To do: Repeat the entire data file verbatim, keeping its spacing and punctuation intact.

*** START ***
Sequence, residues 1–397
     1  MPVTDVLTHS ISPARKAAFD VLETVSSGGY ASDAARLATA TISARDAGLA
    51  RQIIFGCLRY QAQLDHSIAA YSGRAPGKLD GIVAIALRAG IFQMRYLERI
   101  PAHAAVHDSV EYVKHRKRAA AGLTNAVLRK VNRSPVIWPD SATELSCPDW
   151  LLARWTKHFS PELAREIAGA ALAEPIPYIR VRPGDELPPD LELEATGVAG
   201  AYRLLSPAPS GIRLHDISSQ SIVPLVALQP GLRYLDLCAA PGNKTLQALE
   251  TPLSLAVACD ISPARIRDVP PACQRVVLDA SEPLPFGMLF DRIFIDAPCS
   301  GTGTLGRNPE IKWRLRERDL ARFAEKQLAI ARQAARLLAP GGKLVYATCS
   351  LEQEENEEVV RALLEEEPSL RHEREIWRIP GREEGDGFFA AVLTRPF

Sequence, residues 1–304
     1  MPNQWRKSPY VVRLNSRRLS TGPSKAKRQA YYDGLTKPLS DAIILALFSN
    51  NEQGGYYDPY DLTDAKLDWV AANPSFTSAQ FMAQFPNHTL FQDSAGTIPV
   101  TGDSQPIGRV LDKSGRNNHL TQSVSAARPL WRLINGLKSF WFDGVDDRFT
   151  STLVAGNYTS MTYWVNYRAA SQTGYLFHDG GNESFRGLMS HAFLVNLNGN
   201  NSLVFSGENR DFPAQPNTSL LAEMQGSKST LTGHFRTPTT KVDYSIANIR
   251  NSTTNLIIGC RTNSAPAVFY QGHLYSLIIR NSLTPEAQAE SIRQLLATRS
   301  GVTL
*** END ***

Sequence, residues 1–397
     1  MPVTDVLTHS ISPARKAAFD VLETVSSGGY ASDAARLATA TISARDAGLA
    51  RQIIFGCLRY QAQLDHSIAA YSGRAPGKLD GIVAIALRAG IFQMRYLERI
   101  PAHAAVHDSV EYVKHRKRAA AGLTNAVLRK VNRSPVIWPD SATELSCPDW
   151  LLARWTKHFS PELAREIAGA ALAEPIPYIR VRPGDELPPD LELEATGVAG
   201  AYRLLSPAPS GIRLHDISSQ SIVPLVALQP GLRYLDLCAA PGNKTLQALE
   251  TPLSLAVACD ISPARIRDVP PACQRVVLDA SEPLPFGMLF DRIFIDAPCS
   301  GTGTLGRNPE IKWRLRERDL ARFAEKQLAI ARQAARLLAP GGKLVYATCS
   351  LEQEENEEVV RALLEEEPSL RHEREIWRIP GREEGDGFFA AVLTRPF

Sequence, residues 1–304
     1  MPNQWRKSPY VVRLNSRRLS TGPSKAKRQA YYDGLTKPLS DAIILALFSN
    51  NEQGGYYDPY DLTDAKLDWV AANPSFTSAQ FMAQFPNHTL FQDSAGTIPV
   101  TGDSQPIGRV LDKSGRNNHL TQSVSAARPL WRLINGLKSF WFDGVDDRFT
   151  STLVAGNYTS MTYWVNYRAA SQTGYLFHDG GNESFRGLMS HAFLVNLNGN
   201  NSLVFSGENR DFPAQPNTSL LAEMQGSKST LTGHFRTPTT KVDYSIANIR
   251  NSTTNLIIGC RTNSAPAVFY QGHLYSLIIR NSLTPEAQAE SIRQLLATRS
   301  GVTL